Orion Health’s McCrae to take firm private - again

Orion Health Group's founder and biggest shareholder, Ian McCrae, is leading a consortium to end the struggling healthcare software developer's four-year stint as a public company. 

Macrae personally holds almost 86 percent of the outstanding stock and has pooled that stake with other investors, including Compac founder Hamish Kennedy's 5.3 percent holding, to make the takeover a certainty by crossing the 90 percent threshold needed to mop-up the remaining shares. 

The new entity - Grafton Health Holdings - will offer $1.224 a share, or $5.9 million, to buy the 7 percent it doesn't yet own and will enforce Takeovers Code provisions to do so.

The majority of Orion shareholders took up a share buyback in December to exit the firm after agreeing to a radical overhaul, in which its profitable Rhapsody business was sold to UK private equity for $205 million. The firm's holding in the population health management division was also diluted, leaving it with full ownership of the hospitals unit.

The offer price matches the buyback price, and Grafton will cover brokerage for those who accept. The shares rose 6 percent to $1.22 and have gained 27 percent the past year. 

Orion independent directors Andrew Ferrier and Paul Shearer have set up a committee to respond to the takeover and will appoint an independent adviser to judge the offer. It recommends shareholders take no action until the board gives further guidance, including the report.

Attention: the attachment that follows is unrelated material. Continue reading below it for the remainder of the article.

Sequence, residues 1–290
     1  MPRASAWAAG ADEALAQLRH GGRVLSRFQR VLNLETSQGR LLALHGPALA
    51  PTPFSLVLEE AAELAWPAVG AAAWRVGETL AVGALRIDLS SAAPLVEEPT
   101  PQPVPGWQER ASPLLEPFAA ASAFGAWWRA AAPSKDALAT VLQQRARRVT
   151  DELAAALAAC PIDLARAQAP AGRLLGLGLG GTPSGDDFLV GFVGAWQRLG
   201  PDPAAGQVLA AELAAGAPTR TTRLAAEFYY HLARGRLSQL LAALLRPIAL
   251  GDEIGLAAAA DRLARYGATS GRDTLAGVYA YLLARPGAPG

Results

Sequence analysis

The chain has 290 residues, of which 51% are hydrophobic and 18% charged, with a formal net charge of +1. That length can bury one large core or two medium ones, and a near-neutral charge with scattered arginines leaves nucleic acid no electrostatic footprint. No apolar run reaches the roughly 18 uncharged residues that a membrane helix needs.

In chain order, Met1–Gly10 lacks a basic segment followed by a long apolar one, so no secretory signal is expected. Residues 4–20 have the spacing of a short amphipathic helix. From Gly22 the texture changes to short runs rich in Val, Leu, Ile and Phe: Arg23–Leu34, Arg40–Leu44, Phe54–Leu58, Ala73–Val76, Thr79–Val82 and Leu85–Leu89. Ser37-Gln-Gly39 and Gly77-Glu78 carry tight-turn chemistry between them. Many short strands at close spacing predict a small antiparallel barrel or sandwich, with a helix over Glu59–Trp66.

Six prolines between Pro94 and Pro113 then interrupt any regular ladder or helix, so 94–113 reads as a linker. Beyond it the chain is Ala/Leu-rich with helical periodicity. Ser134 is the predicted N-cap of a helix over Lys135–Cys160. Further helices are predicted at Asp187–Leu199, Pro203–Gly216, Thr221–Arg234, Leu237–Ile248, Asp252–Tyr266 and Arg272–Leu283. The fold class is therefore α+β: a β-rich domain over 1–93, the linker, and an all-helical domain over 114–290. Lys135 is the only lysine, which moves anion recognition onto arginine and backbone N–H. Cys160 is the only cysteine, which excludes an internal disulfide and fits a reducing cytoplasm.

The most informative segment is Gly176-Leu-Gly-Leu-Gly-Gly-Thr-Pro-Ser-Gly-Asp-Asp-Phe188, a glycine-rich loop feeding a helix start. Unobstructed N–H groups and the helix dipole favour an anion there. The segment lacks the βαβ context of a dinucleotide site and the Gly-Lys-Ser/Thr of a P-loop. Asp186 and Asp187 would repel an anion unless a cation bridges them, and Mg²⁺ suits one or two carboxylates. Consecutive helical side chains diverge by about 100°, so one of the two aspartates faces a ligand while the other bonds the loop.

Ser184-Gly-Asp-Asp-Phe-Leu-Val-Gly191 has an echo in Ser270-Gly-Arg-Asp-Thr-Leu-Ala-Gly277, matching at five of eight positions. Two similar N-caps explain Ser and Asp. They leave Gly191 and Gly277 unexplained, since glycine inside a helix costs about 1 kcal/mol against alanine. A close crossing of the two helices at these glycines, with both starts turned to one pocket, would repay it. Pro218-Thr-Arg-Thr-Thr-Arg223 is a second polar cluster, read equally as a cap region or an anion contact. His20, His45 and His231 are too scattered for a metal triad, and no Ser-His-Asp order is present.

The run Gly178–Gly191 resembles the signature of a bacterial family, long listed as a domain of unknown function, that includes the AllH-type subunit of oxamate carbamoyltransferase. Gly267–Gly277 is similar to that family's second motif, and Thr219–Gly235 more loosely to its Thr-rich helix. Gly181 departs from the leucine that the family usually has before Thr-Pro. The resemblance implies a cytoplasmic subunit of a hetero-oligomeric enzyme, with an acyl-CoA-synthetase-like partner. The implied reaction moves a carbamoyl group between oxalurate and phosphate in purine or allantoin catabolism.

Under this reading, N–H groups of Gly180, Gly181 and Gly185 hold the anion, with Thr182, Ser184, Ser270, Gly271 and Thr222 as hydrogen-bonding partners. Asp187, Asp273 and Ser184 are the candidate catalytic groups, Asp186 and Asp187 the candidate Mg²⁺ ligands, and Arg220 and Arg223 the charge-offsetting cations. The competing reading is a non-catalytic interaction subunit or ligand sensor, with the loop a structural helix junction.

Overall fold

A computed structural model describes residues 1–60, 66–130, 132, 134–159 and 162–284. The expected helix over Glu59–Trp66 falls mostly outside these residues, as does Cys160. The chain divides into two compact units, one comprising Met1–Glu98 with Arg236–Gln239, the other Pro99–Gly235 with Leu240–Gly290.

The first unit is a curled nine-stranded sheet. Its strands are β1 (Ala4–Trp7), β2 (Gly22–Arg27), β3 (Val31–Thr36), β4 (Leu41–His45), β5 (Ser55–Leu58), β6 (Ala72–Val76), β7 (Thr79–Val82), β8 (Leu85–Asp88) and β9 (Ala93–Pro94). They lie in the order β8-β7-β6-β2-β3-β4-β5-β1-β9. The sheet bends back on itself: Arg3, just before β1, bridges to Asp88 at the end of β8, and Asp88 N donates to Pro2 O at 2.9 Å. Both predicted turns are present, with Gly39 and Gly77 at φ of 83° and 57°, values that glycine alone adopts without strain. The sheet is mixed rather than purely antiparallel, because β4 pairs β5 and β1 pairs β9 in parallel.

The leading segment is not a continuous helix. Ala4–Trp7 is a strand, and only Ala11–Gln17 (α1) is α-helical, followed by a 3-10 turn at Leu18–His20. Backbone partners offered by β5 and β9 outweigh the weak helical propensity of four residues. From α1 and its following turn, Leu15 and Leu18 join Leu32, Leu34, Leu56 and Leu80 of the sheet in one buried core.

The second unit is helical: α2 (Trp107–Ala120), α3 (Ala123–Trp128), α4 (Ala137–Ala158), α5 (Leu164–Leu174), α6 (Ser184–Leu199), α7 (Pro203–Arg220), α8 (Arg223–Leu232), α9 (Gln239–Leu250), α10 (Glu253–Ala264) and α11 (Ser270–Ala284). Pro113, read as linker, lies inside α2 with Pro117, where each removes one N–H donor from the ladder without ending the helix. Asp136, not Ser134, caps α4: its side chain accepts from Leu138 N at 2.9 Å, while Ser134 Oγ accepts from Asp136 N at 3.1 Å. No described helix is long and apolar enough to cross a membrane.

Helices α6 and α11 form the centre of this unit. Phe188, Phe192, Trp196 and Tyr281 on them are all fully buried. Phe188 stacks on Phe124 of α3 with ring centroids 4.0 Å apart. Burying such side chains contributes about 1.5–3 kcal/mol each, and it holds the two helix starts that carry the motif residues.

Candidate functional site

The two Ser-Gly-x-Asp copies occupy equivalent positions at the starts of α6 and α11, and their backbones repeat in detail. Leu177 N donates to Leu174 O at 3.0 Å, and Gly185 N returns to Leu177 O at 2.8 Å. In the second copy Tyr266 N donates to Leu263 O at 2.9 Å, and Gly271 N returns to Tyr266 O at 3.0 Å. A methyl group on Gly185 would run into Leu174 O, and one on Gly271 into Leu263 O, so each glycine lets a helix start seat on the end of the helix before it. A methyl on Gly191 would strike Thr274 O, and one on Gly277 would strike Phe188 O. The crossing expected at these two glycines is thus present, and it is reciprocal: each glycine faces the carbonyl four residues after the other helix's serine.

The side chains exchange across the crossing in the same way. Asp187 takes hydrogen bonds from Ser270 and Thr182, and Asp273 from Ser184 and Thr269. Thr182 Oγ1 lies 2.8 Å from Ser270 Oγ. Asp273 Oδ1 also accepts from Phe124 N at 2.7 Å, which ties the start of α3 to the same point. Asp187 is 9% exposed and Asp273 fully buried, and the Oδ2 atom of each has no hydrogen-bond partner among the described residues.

If successful, Grafton will delist Orion, but has no plans to make any material changes to the business or its capital structure. 

"However, Grafton reserves the right to make changes in the future, depending on the business and economic environment and other relevant circumstances that arise after the offer," it said. 

McCrae will remain the biggest shareholder of Grafton with about 87 percent. Kennedy will hold 8.1 percent and Orion director Michael Falconer's interests will own about 2.5 percent. 

Orion had been profitable in private ownership but sought to accelerate global growth by raising funds from the public, while also changing to a subscription model from one-off perpetual licensing.

The Kiwi firm had hoped to profit from the previous US administration's Affordable Healthcare Act, known as Obamacare, which poured billions of federal government dollars into the wider US health sector. However, that flagship policy of Barack Obama's presidency was strongly opposed by the Republican Party and changes to the law forced many of Orion's customers to cancel orders when their own funding ran out.

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